Tips for Protecting Your Heart During the Cold, Dark Days of Winter

Short days and low temperatures can spell trouble for people with heart disease. Here's what you need to know to be safe.


The holidays are over, and now most of us face weeks of gloom and cold before the crocuses pop and robins sing.

Yes, we’ll be coping with deep winter for a while longer. If you have heart disease, you’ve already been warned that shoveling snow can cause a heart attack. But you may be surprised to learn that cold alone may be only partly to blame: There are dangers associated with winter itself that affect us, no matter where we live.

“Heart attack rates rise 50 percent in cold weather. But even in warmer climates, there is an uptick in events during the winter,” says Cleveland Clinic cardiologist Michael Rocco, MD. “Winter is a vulnerable period, but managing your risk factors can help minimize problems.”

How Your Body Responds to Cold


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Exposure to cold causes blood vessels throughout the body, including those in the heart, to constrict. This causes blood pressure to rise. When you exert yourself in an outdoor activity-shoveling snow, walking through deep snow or even cross-country skiing, for example-your heart rate increases, as well.

Healthy people can tolerate these changes. But when arteries narrowed by plaque further constrict and demand for oxygen increases, the heart may not be able to meet this demand. The result is angina.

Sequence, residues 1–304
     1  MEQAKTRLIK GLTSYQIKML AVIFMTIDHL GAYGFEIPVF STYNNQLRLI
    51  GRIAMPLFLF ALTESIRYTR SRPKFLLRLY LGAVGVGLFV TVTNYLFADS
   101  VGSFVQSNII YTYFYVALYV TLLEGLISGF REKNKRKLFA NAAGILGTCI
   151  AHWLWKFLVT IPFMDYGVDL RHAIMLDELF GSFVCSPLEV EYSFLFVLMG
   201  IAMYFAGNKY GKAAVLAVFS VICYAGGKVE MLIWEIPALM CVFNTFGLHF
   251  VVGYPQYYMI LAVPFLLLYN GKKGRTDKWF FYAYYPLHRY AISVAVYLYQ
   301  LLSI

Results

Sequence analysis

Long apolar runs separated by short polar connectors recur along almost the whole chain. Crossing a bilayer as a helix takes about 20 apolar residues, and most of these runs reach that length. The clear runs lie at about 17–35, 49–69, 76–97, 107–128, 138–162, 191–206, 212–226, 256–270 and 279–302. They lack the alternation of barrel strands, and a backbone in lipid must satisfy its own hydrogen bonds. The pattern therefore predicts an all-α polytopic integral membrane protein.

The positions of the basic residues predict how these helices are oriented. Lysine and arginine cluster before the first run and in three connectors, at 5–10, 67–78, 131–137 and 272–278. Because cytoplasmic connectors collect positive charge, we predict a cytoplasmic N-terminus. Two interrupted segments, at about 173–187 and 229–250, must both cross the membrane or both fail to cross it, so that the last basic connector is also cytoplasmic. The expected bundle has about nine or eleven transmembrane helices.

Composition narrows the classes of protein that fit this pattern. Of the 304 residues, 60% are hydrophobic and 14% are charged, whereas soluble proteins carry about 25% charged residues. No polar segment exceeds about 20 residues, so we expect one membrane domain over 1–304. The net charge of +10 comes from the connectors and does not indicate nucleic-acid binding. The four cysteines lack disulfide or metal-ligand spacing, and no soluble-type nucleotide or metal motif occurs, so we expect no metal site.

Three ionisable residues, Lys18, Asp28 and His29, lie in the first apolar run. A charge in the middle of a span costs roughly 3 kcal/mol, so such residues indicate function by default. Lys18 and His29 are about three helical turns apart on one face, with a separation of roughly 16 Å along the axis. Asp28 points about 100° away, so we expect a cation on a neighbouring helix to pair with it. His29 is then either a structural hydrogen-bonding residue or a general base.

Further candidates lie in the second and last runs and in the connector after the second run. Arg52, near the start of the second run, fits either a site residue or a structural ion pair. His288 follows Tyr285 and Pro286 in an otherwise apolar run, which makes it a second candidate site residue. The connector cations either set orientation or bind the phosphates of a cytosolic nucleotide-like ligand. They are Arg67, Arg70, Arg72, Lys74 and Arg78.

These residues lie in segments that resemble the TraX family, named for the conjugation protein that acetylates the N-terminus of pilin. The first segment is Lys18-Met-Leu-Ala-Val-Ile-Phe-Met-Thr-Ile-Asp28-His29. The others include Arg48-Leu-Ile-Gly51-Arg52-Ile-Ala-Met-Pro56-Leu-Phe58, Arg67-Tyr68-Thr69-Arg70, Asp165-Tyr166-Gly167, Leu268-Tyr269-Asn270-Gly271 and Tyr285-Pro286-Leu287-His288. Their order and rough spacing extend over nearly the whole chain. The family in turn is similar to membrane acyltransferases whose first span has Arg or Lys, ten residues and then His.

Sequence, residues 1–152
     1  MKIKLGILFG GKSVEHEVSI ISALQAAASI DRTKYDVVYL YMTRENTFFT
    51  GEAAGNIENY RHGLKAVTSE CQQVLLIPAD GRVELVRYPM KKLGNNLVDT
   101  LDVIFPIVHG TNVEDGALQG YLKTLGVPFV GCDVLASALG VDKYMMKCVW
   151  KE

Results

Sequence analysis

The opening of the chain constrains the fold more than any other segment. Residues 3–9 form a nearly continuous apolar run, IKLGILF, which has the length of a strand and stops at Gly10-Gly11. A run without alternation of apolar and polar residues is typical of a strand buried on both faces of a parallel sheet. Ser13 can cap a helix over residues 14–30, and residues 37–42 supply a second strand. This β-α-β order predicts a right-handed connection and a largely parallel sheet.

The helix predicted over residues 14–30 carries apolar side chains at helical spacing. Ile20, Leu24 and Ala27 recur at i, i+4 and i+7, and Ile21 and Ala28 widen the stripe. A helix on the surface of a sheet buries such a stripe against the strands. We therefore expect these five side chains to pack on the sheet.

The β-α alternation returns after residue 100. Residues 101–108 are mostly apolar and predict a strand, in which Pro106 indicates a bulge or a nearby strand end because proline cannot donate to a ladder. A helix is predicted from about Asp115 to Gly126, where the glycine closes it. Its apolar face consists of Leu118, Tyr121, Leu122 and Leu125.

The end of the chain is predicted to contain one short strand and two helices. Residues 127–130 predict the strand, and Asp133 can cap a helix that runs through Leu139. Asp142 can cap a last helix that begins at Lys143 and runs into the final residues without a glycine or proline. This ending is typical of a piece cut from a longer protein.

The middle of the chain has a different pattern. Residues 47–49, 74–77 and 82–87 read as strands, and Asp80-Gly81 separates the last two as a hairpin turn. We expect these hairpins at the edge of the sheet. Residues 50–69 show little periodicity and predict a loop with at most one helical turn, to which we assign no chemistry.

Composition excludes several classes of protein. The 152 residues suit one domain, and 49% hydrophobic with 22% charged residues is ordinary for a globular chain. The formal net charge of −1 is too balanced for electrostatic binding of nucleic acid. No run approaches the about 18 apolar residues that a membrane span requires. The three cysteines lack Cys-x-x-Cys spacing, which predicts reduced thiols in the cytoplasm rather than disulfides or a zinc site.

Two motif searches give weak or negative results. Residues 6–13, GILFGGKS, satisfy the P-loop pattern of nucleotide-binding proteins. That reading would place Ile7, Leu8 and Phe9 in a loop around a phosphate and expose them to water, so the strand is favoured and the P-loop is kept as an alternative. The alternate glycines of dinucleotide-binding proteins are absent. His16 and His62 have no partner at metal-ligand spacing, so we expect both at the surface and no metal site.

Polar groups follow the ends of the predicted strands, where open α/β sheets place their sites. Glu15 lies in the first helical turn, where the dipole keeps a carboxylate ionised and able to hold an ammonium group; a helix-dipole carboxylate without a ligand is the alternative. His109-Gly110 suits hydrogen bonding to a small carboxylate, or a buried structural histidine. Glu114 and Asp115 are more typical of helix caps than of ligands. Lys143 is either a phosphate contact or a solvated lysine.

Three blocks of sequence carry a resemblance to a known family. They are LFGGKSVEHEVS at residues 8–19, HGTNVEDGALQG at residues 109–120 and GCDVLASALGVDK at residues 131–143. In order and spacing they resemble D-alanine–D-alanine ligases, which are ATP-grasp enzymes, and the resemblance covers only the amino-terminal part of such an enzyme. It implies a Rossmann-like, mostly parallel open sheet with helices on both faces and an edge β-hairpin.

Sudden changes in blood pressure with exertion also make plaque vulnerable and prone to rupture. This is how a heart attack occurs.

“The danger is always there, but when heart patients who have not adapted to the cold weather exert themselves, the risk is even greater,” saysDr. Rocco.

The Dangers of Winter Itself

During the holidays, many people overindulge in food and drink, while skipping their regular exercise routine.

Winter is also flu season, and getting the flu increases heart-attack risk.

In some studies, heart failure hospitalizations and deaths rose when the temperature dropped. “Seasonal changes, rather than cold, might be responsible,” says Dr. Rocco.

So might increasing darkness. “Changes in the light-dark cycle that make days shorter and nights longer trigger hormonal changes and increase the tendency for blood to clot,” says Dr. Rocco. “Older individuals are especially vulnerable to these changes.”

Protect Your Heart and Your Life

You don’t have to stay indoors all winter, but you should use common sense when you need to be outdoors. Here is some advice:

If you have coronary artery disease or its risk factors, ask your doctor if there are specific outdoor activities you should limit.

Because the abrupt change from warm to cold can be hard on your heart, cover your nose and mouth with a scarf to warm and moisturize the air you breathe in.

Warm up with five to 10 minutes of walking before doing any activity. Intersperse the activity with rest periods. “If you experience shortness of breath, chest pressure or you start sweating, stop and rest,” says Dr. Rocco.

If you have high blood pressure, make sure you take your medication to keep your blood pressure and heart rate under control.

Smoking is bad, but smoking outside in cold weather is downright foolish. “It is the worse thing you can do, because it increases vasoconstriction,” Dr.Rocco says.

Don’t drink alcohol if you plan to be outside. Alcohol causes blood vessels to dilate, which promotes the loss of body heat. “You will feel warm, but you will be thwarting your body’s ability to stay warm,” says Dr. Rocco.

Get a flu shot. Flu increases the risk of hospitalization or death from cardiovascular disease. In studies, flu shots have been shown to reduce heart attacks and strokes by 55 percent in people who had recently suffered a cardiovascular event. The flu vaccine is associated with a 50 percent reduction in flu-season deaths among heart failure patients. “Even if the vaccine is not fully effective, it can lessen the likelihood you will have a heart attack or stroke,” says Dr. Rocco.


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